The counselor, who was African-American, identified a different reason for his termination: his race. He asserted that supervisors treated him differently at staff meetings and gave him disciplinary punishments for violations that were not enforced against white employees.

California is often among the leaders in establishing legal mechanisms to protect workers from various employment harms, including discrimination. The California legislature is once again considering taking an important step that would expand the protections California workers receive.

The bill, already passed by the Senate, would extend the reach of the Fair Employment and Housing Act by banning workplace policies that, on their surface, discriminate against certain hairstyles but that, in actuality, amount to a form of race discrimination. Whether yours is related to your hair or some other issue, if you think you’ve suffered discrimination on the job, be sure that you reach out promptly to an experienced Oakland employment attorney to learn more about the legal options you may have, including filing suit and collecting compensation.

Employer hairstyle policies, on their surface, might seem like simple and necessary things to ensure that all workers maintain certain standards of hygiene, cleanliness and professional appearance. However, just like many things, the reality goes deeper, and is more complicated, than what’s on the surface. An employer’s hair rules, for example, could be used to punish an employee or job candidate for having a hairdo that the employer deems improper for that person’s gender. (In other words, a woman wearing a hairstyle the employer considers too masculine or a man wearing hair the employer thinks is too feminine.)

There are lots of reasons why you can be fired from your job. Possibly fewer are more frustrating that being terminated in retaliation simply because you exercised your legal rights, such as filing a claim for workers’ compensation benefits. Of course, when an employer fires you simply because you filed for workers’ compensation, that employer has broken the law by wrongfully terminating you. That you may have known. What you may not know is… what do I do about it? What steps must I take and how quickly must I act? To get the answers you need to question like this and similar ones, be sure you talk to a knowledgeable Oakland employment attorney about your situation.

A case that recently settled in Sacramento is an example of this type of scenario. M.C. worked as a program analyst for the City of Sacramento from 2011 to 2015. In 2015, she allegedly got hurt at work. As many people who suffer injuries on the job do, M.C. filed a claim seeking workers’ compensation benefits.

A few months after the analyst filed her workers’ compensation claim, the city placed her on a mandatory leave of absence. After that, the city fired the woman, alleging that the termination was the result of the analyst’s “misconduct” on the job. The woman sued and eventually was able to secure a settlement in which the city agreed to pay her $860,000 in exchange for her dropping her case, according to a Sacramento Bee report.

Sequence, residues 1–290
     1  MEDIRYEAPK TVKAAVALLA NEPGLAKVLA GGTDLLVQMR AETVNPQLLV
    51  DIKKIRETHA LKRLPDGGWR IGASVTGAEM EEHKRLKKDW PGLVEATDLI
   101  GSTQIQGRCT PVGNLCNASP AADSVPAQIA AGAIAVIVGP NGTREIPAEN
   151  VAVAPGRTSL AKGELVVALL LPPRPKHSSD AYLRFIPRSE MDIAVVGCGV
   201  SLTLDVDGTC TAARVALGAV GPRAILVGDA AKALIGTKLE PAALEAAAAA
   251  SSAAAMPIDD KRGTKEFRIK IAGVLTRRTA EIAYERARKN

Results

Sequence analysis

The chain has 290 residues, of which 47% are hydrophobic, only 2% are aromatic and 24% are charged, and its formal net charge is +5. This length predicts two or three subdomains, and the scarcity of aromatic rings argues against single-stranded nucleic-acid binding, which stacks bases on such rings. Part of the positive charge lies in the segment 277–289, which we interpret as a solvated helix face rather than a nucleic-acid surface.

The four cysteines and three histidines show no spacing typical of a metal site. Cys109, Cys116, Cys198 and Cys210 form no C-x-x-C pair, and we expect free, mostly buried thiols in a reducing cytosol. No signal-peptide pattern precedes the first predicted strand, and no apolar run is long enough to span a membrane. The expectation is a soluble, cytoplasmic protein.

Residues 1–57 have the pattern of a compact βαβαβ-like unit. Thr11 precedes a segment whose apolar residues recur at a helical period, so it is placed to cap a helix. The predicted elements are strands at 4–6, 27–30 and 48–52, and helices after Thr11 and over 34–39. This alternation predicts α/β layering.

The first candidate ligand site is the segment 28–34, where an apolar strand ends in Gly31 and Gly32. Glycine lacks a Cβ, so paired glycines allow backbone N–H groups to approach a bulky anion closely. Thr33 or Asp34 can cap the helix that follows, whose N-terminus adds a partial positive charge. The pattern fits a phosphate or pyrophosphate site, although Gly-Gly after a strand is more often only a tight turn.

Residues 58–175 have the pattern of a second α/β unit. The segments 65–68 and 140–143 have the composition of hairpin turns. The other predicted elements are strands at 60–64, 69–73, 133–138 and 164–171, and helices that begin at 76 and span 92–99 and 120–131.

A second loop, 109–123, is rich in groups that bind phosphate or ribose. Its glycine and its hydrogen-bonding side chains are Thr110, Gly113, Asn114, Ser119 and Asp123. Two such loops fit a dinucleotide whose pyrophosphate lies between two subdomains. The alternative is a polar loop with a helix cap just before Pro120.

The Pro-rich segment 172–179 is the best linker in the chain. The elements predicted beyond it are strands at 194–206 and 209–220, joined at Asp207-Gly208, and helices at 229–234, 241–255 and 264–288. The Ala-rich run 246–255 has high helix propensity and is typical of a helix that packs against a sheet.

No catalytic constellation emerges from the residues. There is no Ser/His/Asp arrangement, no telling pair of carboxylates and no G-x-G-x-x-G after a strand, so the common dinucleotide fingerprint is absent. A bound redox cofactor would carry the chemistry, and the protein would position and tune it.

There are lots of good reasons why one might prefer to pursue litigation close to home. Having the case close by might mean lower costs and an opportunity to be more closely involved. It might mean getting a jury that’s more receptive to your arguments. It also might mean getting a judge more familiar with the legal issues you’re asserting (if the other option is to litigate out of state). Whether you’re a Californian or an out-of-stater, and whether you’re in California court because you prefer to litigate here or your employment contract forces you to, be sure your case is armed with the skill and knowledge of an experienced Oakland employment attorney.

Sometimes, litigating in a particular place is not by choice. As an example, take the case of J.N., an East Bay man working for an insurance claims services company. Although the employer was based in suburban Indianapolis, Indiana, J.N. worked in El Cerrito. The company terminated J.N.’s employment in late March, 2017. J.N. believed that he was the victim of illegal discrimination and sued in Contra Costa County, alleging wrongful termination along with several violations of the Fair Employment and Housing Act.

J.N., though, had a problem. The employment contract he signed with the company had what’s called a “forum selection clause.” That is something that says that, if there’s a dispute between you and your employer, you must litigate in one of the designated courts. J.N.’s forum selection clause stated he could only sue the employer in Hamilton County, Indiana, Marion County, Indiana or the federal court in Indianapolis.